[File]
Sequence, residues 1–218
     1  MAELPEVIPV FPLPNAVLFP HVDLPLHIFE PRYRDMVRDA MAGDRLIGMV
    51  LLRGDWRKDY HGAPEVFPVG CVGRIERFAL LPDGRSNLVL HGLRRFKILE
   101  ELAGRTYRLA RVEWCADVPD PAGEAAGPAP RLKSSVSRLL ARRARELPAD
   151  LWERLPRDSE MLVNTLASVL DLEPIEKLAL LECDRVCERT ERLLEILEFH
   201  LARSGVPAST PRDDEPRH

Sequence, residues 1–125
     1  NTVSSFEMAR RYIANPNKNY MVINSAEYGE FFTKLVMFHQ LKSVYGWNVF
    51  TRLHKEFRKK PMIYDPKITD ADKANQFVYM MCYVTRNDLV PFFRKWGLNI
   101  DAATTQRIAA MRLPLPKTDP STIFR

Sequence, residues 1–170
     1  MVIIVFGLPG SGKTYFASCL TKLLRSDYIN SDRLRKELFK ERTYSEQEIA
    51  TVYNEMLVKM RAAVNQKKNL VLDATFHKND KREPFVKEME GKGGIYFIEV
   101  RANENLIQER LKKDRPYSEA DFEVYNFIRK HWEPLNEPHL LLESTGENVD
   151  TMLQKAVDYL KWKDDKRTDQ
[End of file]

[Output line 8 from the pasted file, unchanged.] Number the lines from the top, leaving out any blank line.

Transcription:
     1  NTVSSFEMAR RYIANPNKNY MVINSAEYGE FFTKLVMFHQ LKSVYGWNVF